Sergeant major

Images: 
P4162106a, 72ppi.jpg

I assume this is a blue-phase sergeant major.  But, look at the front dorsal-fin; it looks different than any I have seen on photos of sergeant majors.  It was feisty, and I assume it was protecting eggs.  I mention that in case its behavior and fin shape and placement are in any way related. 

Can you explain the unusual fin shape and placement? 

The photo was taken April 16, 2009 at Molasses Reef, Key Largo, 19 feet deep, visibility 25 feet, bottom temperature 76 degrees Fahrenheit. 

Thank You,

Marty

Sergeant major

This certainly appears to be a Sergeant major displaying breeding colors. The dorsal fin/dorsal area might likely be the result of an injury or a deformity.  -V Kells

Breeding colors

Thank you for your reply.  Are "breeding colors" just the blue phase, or is it something more?  And, are all the blue-phase sergeant majors male?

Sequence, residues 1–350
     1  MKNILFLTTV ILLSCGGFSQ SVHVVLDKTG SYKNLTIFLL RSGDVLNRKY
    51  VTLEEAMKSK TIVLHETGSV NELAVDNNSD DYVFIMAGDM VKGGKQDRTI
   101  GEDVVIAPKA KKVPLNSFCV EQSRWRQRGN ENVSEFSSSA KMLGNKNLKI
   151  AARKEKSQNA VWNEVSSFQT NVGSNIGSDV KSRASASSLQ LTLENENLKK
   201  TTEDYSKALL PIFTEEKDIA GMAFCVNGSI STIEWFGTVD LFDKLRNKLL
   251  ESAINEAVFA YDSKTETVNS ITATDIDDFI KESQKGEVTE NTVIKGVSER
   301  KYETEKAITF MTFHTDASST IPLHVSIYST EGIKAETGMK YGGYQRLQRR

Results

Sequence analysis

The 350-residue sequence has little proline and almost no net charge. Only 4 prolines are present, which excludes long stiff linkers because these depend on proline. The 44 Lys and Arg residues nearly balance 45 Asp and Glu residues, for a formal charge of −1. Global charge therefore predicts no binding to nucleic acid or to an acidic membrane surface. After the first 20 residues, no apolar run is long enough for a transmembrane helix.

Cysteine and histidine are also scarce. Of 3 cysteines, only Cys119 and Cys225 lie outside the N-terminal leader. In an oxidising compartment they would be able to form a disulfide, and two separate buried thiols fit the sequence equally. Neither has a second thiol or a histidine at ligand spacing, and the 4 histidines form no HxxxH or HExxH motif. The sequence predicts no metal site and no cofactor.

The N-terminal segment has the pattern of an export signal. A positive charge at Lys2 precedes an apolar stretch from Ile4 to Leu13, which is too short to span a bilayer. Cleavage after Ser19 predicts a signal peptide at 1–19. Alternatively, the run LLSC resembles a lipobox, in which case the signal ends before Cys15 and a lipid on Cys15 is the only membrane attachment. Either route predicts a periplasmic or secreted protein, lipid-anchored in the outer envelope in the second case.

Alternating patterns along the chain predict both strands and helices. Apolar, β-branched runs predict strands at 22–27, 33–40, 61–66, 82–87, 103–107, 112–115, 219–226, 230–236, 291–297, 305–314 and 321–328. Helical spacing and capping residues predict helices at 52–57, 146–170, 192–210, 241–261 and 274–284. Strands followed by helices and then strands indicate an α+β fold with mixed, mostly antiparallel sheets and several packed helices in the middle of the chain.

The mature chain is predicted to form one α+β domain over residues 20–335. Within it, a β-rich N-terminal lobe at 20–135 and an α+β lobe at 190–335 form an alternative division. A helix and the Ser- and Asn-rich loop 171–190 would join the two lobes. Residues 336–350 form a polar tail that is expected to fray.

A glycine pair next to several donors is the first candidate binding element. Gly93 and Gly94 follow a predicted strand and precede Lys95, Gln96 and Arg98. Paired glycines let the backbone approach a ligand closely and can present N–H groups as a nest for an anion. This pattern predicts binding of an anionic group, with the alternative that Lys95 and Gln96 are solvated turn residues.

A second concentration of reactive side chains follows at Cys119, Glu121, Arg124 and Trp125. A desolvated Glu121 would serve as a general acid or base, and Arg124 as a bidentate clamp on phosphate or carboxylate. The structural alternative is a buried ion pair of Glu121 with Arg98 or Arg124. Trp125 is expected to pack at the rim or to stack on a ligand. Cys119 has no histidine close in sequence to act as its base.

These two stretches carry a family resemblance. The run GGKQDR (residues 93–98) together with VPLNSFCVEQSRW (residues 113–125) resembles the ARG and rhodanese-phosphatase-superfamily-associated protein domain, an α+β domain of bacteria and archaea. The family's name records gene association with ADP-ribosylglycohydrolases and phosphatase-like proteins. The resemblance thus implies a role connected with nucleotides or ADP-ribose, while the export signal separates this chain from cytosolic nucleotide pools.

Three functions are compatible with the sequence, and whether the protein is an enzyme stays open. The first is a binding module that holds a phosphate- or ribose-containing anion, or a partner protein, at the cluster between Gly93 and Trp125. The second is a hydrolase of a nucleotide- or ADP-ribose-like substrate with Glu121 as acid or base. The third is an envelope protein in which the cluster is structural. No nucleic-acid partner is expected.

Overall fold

Thank You,

Marty

Hello. A phase typically

Hello. A phase typically refers to a color or pattern that is a result of sexual maturity or environment. Breeding colors/patterns occur during courtship, spawning and nesting. For example, many wrasses mature from the juvenile to initial to terminal phases. Another example: Coney have three phases related to the depth at which they live. The bicolored phase males adopt breeding patterns during courtship. 

Sergeant major males change to blue during courtship/spawning and nesting. The males build and defend nests. Once females are done depositing eggs, they leave the males to fan the eggs and ward off predetors.

Not to further confuse things, but many fishes also change colors from day to night, during feeding, resting, or when they are agitated. Hope this helps! - Vkells

Perfect answer

What a perfect answer.  Thank you.

Marty

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